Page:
Modernization and Dependency Theory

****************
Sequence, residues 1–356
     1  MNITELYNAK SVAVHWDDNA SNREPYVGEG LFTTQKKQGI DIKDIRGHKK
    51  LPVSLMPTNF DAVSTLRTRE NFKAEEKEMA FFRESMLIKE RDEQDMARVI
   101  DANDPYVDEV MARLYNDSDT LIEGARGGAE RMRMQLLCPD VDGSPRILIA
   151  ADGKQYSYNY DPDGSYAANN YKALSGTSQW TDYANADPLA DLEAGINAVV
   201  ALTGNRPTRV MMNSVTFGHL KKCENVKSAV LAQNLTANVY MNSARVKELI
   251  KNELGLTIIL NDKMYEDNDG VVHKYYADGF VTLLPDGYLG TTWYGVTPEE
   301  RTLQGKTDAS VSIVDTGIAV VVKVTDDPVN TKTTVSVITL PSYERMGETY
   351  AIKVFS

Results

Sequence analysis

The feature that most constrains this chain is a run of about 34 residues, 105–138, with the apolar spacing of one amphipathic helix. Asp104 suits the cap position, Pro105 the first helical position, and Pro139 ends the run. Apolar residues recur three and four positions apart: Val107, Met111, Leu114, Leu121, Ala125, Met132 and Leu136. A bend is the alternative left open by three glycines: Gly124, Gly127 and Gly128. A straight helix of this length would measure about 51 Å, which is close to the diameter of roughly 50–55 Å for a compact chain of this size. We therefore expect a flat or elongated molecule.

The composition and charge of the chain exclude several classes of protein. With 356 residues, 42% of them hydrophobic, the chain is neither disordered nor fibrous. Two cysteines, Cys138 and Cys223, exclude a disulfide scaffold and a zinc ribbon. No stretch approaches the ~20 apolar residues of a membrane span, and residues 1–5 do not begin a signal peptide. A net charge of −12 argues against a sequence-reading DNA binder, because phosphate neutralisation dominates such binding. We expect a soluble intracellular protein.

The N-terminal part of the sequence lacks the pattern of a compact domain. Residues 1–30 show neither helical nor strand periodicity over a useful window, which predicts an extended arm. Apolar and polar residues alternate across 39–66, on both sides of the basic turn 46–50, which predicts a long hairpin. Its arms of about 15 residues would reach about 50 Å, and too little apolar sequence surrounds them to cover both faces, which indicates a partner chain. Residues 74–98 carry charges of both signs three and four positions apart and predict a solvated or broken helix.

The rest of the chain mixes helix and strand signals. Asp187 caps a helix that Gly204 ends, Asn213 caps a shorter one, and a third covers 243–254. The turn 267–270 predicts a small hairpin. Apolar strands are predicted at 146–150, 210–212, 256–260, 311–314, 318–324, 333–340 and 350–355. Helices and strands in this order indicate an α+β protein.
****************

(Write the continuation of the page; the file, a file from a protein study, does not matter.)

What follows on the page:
One in six children, ages five to fourteen, are involved in child labor in developing countries, that’s sixteen percent. Worldwide, 126 million children work in hazardous conditions; which often endure beatings, humiliation, and sexual violence by employers (Child Labor Facts). With the Modernization and Dependency theory, this allows a more powerful country (for example the U.S.) to give help and support to countries in need of large corporations and businesses, to further support their economy and in the end getting rid of child labor. Modernization Theory maintains that nations achieve influences by developing advanced technology. This process depends on a culture that encourages innovation and change towards higher living standards. This theory claims that wealthy nations can help poor nations by providing technology to control population size, increase food production, expand industrial and information economy output by providing foreign aid to pay for new economic development (Macionis 325). Corporations from the U.S. have tried to help develop foreign industries to improve their economic stand point in their country; but this primarily depends on the importance of our up to date technology and the ability of the U.S., as well as a number of social changes, which would be coming to a decision and deciding whether it’s a good idea to go and change industries and companies around the world. Dependency Theory maintains that global wealth and poverty were created by the colonial process beginning 500 years ago that developed rich nations and underdeveloped poor nations. This capitalist process continues today in the form of neocolonialism – economic exploration of poor nations by multinational operations. Dependency theory claims three key factors, export oriented economies, a lack of industrial capacity and foreign debt, make poor countries dependent on wealthy nations, and prevent their economic development...
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